Thomas J. Donohue Thomas J. Donohue
Advisor and Former Chief Executive Officer, U.S. Chamber of Commerce


November 13, 2019


From an economic standpoint, we’ve yet to unlock the full potential of America’s small business sector. But we know just where to start – using technology to boost exports.

To help realize the commercial promise of growth-minded companies across the country, the U.S. Chamber of Commerce – in partnership with Google – published a report detailing the impact of technology on small business exports. The report outlines strategies that will help small businesses harness digital tools to optimize their operations and reach new levels of success.

Based on a survey of more than 3,800 nonfarm small businesses, our study examines the economic contributions of small business exporters, obstacles they face in selling their products overseas, and the role technology can play in expanding their commercial reach. Here’s what we found:

Small business exports produce big results for our economy, generating $541 billion in output annually and supporting more than 6 million jobs. But only 9% of small businesses currently sell their goods or services abroad. Just imagine how much stronger and more resilient our economy would be if the other 91% knew how to access and leverage new technologies to do business beyond our borders.

The fact that most small businesses do not export means there is tremendous opportunity for growth. To achieve such growth, both the private and public sectors must work together to help small businesses overcome their most common barriers to trade, including foreign regulations, tariffs and customs procedures, and payment collection. By removing these obstacles, we can add nearly 900,000 jobs to the U.S. economy.

But tearing down regulatory barriers to trade is only half the battle; the other half is equipping small businesses with the digital tools they need to succeed in a global economy. Our report finds that most small business owners have limited familiarity with these tools. In fact, 73% say they are unfamiliar with basic technologies that are essential to accessing foreign markets, including digital translation services, cross-border electronic payments, website localization, and other cutting-edge resources.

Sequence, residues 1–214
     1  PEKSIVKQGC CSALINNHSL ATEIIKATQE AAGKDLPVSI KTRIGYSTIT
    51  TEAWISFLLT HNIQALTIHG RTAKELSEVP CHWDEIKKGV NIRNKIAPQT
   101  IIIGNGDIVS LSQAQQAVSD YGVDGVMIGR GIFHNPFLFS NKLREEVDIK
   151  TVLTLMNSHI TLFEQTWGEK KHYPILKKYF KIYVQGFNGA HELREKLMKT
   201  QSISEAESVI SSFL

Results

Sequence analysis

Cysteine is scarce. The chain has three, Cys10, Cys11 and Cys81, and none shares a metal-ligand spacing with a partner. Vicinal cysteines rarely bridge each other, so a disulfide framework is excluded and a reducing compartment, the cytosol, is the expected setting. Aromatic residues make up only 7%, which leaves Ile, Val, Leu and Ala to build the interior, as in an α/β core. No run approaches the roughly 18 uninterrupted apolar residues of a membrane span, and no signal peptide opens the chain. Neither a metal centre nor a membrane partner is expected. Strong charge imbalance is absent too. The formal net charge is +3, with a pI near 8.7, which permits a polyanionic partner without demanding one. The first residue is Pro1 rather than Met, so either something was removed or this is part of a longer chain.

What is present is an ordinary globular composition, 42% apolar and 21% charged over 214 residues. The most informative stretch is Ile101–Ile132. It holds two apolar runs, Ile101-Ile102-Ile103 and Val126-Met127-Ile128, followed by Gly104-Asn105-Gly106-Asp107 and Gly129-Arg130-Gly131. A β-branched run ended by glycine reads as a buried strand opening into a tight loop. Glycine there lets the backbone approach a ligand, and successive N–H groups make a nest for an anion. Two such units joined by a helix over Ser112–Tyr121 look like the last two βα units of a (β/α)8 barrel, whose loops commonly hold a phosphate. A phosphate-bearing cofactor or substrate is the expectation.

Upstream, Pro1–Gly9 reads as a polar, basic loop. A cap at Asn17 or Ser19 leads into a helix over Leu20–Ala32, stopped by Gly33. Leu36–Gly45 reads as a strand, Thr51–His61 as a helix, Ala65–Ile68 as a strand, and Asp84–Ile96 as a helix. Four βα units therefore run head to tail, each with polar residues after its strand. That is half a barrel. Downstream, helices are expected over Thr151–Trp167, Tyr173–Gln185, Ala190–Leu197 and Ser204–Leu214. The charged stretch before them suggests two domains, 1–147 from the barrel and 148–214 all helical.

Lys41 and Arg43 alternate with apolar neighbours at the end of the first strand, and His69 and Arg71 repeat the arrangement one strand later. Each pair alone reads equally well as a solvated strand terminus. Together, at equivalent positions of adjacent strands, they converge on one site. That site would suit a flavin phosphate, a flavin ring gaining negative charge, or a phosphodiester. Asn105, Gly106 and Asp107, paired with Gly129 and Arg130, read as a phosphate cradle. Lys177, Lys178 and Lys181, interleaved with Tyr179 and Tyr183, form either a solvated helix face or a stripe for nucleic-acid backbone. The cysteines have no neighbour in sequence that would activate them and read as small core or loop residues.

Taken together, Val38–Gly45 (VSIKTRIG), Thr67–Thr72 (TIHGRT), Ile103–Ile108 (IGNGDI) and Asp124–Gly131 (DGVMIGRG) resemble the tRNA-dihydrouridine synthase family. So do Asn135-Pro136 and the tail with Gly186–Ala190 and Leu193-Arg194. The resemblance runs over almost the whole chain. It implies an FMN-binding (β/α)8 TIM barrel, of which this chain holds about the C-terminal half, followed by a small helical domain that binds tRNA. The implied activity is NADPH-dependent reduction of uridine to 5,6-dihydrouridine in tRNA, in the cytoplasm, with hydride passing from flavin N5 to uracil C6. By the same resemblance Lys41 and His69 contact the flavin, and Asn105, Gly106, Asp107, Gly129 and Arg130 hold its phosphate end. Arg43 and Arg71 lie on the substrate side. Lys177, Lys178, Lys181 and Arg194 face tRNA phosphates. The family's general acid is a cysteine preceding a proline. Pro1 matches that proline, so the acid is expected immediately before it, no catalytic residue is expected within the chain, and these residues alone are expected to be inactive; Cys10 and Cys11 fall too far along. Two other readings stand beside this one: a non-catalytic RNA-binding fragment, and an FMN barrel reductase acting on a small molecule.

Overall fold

By taking aggressive steps to improve small businesses’ awareness of export-enabling technologies, industry leaders and policymakers can help ensure that America’s entrepreneurs are in the best position to expand their customer base to other countries. Also, by developing data-driven strategies to understand and overcome exporting barriers, we can give small businesses a leg up on the international competition.

Small businesses are the backbone of American industry. And with an assist from digital technology, they can continue to power economic growth.

About the authors

Thomas J. Donohue

Thomas J. Donohue

Thomas J. Donohue is advisor and former chief executive officer of the U.S. Chamber of Commerce.

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